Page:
Bending Reality“Undone” Is a Testament to Hollywood’s Cripping up Problem

Alma, an animated character on Undone, is a woman with brown hair who is staring forward intently

Rosa Salazar as Alma in Undone (Photo credit: Amazon)

Undone, Amazon Video’s hybrid live action and animation series from the creators of BoJack Horseman, premiered in September 2019 to rave reviews from critics and viewers alike. Forbes called it “indescribably great television;” But Why Tho hailed it as “a visual and narrative masterpiece;” and, two months after its premiere, the show still boasts a 100 percent average on the Rotten Tomatoes Tomatometer. The series follows Alma (Rosa Salazar) a woman who learns that she can manipulate time after having a near-death crash, and decides to use her newfound gift to investigate the death of her father Jacob (Bob Odenkirk). But things aren’t as clear cut as they initially seem, leaving us to wonder: Can Alma really bend time, or is it all in her head?

Amazon’s first original animated series employs rotoscoping technology that allows animators to draw over film footage of live actors. This innovative technique results in dark, dreamy imagery that mirrors Alma’s moodiness and enhances the show’s focus on the subjective nature of reality. And, just in case the visuals aren’t enough, Undone’s creators further emphasized these themes by making Alma deaf and possibly schizophrenic. While the minds behind BoJack Horseman have experience with depicting mental illness onscreen, these characteristics weren’t responsibly bestowed upon Alma. Instead, Alma’s mental health and deafness are little more than an aesthetic choice that serves only to perpetuate old stereotypes.

It is perhaps unsurprising, then, that Alma is played by a hearing woman, a failure of representation known in the disabled world as “cripping up.” Hearing people playing deaf characters (or abled people playing disabled people in general) is as common as it is problematic; Salazar is far from the first actor to take on a role that should’ve been awarded to someone who shares the character’s disability. She’s not even the first actor to do so this year. Cripping up is so commonplace, in fact, that abled actors have come to believe that it’s justifiable for them to portray disabled people onscreen.

When disabled viewers attempt to criticize actors like Salazar for cripping up, we’re often silenced or told we’re overreacting: “It’s called ‘acting’ for a reason!” abled viewers, actors, directors, and producers shout at people who even attempt to suggest that they’re overstepping. Others prefer a “binders full of women” approach, lamenting that they scoured the earth for a Deaf or disabled actor but couldn’t find one, or cite the prohibitive expense of sign language interpreters. In a potent mix of ableism and misogyny, director Michael Ojeda defended his choice to cast a hearing actor in his 2013  film Avenged by saying he couldn’t possibly have cast a Deaf woman because she would’ve hurt herself in the action scenes. It is puzzling to even consider that the etymology of the word “act” suggests only white and abled people get to do it.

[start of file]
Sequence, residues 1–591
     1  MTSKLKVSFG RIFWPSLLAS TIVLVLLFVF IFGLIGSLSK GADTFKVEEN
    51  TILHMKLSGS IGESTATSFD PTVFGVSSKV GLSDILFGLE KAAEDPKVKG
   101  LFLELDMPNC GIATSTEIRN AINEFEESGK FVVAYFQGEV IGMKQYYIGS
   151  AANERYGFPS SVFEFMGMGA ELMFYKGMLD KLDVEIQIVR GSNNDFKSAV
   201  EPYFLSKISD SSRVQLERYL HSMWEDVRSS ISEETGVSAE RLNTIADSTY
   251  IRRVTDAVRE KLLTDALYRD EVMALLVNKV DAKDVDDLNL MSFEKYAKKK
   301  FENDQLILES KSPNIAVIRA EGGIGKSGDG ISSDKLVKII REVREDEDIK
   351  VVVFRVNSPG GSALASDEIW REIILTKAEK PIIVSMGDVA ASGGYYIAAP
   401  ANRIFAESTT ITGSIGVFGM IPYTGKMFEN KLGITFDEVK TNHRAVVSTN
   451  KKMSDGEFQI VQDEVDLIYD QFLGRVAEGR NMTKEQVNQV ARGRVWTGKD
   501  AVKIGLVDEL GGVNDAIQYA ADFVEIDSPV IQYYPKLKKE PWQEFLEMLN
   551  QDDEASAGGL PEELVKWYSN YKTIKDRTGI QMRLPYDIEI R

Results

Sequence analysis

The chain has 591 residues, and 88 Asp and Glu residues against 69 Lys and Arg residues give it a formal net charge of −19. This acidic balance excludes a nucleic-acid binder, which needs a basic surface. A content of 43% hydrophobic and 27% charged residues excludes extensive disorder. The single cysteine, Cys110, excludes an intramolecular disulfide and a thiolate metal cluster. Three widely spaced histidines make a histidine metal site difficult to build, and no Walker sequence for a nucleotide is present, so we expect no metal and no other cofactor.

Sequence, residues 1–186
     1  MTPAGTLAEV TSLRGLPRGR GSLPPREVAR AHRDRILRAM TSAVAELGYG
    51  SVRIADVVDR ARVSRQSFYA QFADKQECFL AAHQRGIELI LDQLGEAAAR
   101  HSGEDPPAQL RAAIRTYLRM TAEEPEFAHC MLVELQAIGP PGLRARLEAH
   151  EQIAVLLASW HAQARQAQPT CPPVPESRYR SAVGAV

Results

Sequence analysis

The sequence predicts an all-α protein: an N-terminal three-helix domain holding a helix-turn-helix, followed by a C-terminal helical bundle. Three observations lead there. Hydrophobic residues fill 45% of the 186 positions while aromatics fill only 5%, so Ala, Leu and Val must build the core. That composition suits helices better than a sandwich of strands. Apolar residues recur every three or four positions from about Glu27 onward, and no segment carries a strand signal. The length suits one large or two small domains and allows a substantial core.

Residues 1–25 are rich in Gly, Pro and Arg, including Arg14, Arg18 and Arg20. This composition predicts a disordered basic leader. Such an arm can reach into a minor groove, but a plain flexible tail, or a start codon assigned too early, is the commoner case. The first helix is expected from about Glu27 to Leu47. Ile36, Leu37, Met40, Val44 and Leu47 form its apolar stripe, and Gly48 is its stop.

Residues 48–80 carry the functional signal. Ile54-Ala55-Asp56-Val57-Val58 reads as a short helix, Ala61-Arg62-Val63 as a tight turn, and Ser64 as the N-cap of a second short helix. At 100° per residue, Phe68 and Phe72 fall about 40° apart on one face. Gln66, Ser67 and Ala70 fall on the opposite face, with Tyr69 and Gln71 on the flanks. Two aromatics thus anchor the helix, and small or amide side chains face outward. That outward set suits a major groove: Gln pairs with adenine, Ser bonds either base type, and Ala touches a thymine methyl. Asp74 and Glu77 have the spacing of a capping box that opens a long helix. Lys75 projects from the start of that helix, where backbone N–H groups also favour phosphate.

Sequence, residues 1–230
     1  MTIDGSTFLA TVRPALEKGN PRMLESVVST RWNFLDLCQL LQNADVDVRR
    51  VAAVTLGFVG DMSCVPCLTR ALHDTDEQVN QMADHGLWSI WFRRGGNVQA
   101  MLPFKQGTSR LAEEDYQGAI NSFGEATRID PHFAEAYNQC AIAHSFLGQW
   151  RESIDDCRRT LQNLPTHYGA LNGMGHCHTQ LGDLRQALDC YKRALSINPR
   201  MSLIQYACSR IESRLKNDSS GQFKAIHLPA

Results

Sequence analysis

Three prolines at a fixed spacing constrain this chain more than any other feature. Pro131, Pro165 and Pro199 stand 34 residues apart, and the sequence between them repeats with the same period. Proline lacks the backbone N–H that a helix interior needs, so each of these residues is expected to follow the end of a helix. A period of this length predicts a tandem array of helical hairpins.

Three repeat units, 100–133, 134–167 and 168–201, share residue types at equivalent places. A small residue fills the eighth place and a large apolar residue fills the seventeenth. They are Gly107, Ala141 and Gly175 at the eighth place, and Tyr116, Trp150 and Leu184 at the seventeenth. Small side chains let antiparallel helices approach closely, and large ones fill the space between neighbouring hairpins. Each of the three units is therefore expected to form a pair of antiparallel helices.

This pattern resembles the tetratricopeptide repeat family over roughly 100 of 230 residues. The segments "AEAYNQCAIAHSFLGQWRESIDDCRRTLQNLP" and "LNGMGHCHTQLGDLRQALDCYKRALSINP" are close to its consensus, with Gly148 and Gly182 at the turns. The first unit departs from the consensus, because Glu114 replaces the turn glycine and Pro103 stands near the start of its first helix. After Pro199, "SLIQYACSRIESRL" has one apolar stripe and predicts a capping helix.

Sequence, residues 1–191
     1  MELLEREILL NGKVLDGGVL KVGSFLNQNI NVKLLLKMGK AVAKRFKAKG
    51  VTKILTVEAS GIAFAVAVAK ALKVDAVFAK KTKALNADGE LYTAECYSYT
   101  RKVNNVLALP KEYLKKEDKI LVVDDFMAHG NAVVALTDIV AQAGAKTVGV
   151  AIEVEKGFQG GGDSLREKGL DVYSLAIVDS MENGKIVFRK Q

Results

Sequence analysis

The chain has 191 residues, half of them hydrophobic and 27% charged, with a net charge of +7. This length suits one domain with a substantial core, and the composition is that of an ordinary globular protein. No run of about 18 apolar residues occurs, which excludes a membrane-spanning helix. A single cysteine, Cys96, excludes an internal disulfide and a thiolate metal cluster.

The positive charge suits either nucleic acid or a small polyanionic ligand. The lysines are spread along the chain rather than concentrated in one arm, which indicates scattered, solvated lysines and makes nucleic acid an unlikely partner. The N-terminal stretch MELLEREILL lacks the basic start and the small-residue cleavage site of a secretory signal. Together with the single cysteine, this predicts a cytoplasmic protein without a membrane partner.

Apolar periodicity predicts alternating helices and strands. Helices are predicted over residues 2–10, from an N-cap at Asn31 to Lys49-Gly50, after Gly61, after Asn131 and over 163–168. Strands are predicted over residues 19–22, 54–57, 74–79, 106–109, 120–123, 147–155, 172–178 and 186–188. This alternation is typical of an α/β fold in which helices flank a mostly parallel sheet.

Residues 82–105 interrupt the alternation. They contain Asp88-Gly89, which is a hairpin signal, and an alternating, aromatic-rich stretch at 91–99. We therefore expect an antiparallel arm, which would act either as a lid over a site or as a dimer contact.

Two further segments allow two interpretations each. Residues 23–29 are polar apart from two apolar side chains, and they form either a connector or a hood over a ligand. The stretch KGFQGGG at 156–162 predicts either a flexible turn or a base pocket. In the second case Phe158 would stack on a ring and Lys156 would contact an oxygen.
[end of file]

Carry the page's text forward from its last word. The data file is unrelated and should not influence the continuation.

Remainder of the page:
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What’s clear, though, is that creative freedom in Hollywood is a one-way street: While abled actors are often cast as disabled characters, disabled actors are rarely tapped to play characters whose lives don’t center around disability. Deaf people or wheelchair users are almost never cast as protagonists—or even token background characters—unless their disability is integral to the plot. Cripping up perpetuates harmful stereotypes on and off the screen. Every time a bumbling Sally Hawkins American Sign Language performance is awarded with an Oscar nomination, abled people are reified in their beliefs: that Deafness is an experience so far from their own that an abled actor’s attempt to portray it is worthy of the highest acclaim in the business; that ASL is a simple language inferior to English; that our intelligence is similarly stunted; and overall, that we are incapable of representing ourselves.

As a result, audiences will continue to get half-baked, inauthentic disabled characters who can be and do only what abled people will allow us to. Disabled people still won’t have the representation we crave and abled people will continue believing that it’s their right to marginalize us. Perhaps, though, the most disappointing part of Undone is Constance Marie portraying Alma’s mother, Camila, after a six-year run with actual Deaf actors on Switched at Birth. After being tutored in ASL and learning our culture through Switched at Birth’s Deaf actors, Marie still signed on to a project that appropriates the culture and language she was given. Instead of being an ally, Marie chose to cash in on those gifts. At first glance, it seems as if Marie failed to truly learn anything at all on the set of Switched. However, upon closer examination, I think she learned the exact lesson offered to her: that hearing and abled people can appropriate, write about, and profit off of Deaf and disabled stories without ensuring that Deaf people have a voice in the process.